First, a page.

England are planning to announce an updated central contracts policy at the end of this month, to make sure they are best-placed to challenge for two world tournaments on home soil.
England and Wales Cricket Board director Andrew Strauss has been a strong advocate, since the beginning of his tenure last year, of overcoming an imbalance which has prioritised Test cricket success over the white-ball formats, reports Cricket.co.Uk
Last weekend's annual player appraisals were, of course, largely overshadowed by ascertaining which of those likely to be selected on Friday were prepared to travel to Bangladesh on September 29.
There were other pressing matters, however, for Strauss.
As the selectors prepare to name a one-day international squad without captain Eoin Morgan and record-breaking opener Alex Hales, who pulled out of the three-match series in Bangladesh on security grounds after the July terror attack in Dhaka, Strauss has also been planning for the limited-overs squads' longer-term future.
That will hinge inevitably on how they fare in two high-profile home campaigns against the world's best teams, at next summer's Champions Trophy and then the World Cup in 2019.
Strauss believes modified emphasis in player contracts is a key element he is determined to address.
"I've spoken about taking white-ball cricket more seriously, and creating a balance between the formats," he said.
"I don't think our central contracts system, as it currently stands, does that.
"We've been working on creating a system that does reflect that better...we will be announcing [that] probably in the last week of September."
Another important contract has already been extended this year, and it is one Strauss is hoping safeguards one of England's prize assets.
Paul Farbrace agreed a new deal last winter, after being linked with the then vacant role as Surrey's new coach.
England's assistant is much valued by colleagues and employers, and his enduring partnership with head coach Trevor Bayliss is an emblem of the team's improvements over the past 12 months.
He is, however, inevitably being suggested as a possible replacement for Yorkshire coach Jason Gillespie - having previously worked at Headingley - when the Australian leaves the back-to-back county champions this month.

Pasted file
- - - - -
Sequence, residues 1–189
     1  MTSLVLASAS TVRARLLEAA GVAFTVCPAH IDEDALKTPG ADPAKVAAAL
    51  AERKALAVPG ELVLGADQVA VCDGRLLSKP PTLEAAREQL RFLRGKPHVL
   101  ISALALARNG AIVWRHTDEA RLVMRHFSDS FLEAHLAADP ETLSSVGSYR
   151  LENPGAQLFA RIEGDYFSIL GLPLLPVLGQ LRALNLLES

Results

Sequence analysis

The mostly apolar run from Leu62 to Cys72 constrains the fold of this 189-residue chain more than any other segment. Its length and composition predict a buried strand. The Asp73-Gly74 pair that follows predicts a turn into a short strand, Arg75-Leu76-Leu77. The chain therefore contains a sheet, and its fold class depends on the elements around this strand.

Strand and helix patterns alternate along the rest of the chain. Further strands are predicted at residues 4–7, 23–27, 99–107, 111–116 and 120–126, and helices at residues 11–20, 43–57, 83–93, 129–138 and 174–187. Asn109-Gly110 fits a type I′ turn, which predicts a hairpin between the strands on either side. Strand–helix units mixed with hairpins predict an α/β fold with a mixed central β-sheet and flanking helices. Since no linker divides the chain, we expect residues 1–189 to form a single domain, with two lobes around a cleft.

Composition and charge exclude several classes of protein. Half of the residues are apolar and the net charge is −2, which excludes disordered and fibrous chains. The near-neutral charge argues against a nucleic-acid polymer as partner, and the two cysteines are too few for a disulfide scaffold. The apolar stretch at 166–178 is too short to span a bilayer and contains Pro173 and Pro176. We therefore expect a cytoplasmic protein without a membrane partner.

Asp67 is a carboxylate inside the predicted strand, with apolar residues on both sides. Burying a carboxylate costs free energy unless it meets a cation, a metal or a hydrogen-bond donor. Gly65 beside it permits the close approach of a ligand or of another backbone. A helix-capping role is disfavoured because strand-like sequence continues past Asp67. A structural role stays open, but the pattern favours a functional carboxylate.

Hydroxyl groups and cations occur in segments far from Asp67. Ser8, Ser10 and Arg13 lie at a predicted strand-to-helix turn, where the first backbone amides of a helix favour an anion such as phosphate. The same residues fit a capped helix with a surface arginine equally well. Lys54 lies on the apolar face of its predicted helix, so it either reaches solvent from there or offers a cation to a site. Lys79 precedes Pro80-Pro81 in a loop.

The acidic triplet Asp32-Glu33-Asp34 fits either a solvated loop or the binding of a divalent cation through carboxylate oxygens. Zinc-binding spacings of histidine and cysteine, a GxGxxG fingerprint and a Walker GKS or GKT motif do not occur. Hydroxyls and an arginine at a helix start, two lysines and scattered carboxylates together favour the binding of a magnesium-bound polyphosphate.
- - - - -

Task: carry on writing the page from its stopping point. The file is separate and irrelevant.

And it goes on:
Strauss sounds optimistic about retaining Farbrace's skills.
"We re-negotiated his contract earlier this year," he said.
"He's an incredibly valuable member of the staff. We all know the impact he makes on the team and we all know the relationship he has with Trevor Bayliss and how successful that is.
"We hope he will continue to play a part in the England team for quite a long time to come."
Both men will be able to sit out segments of England's increasingly hectic touring schedule this winter, Farbrace's breather scheduled during two Tests in Bangladesh and Bayliss' for next spring's one-day internationals in the West Indies.
Strauss is convinced it is wise both to give his A team a break, and bring others into the England set-up, with Andy Hurry, Graham Thorpe, Paul Collingwood, Steve Rhodes and Saqlain Mushtaq all expected to spend some time on tour this winter.
"We understand how demanding touring non-stop is and how important it is for the support staff to be fresh to motivate the players," he said.
"It is also a way of introducing different people to the environment.
"If we're serious about making sure that what happens at England level is replicated down the programme, then it's important those guys understand what's going on both at the top and the bottom of the pathway."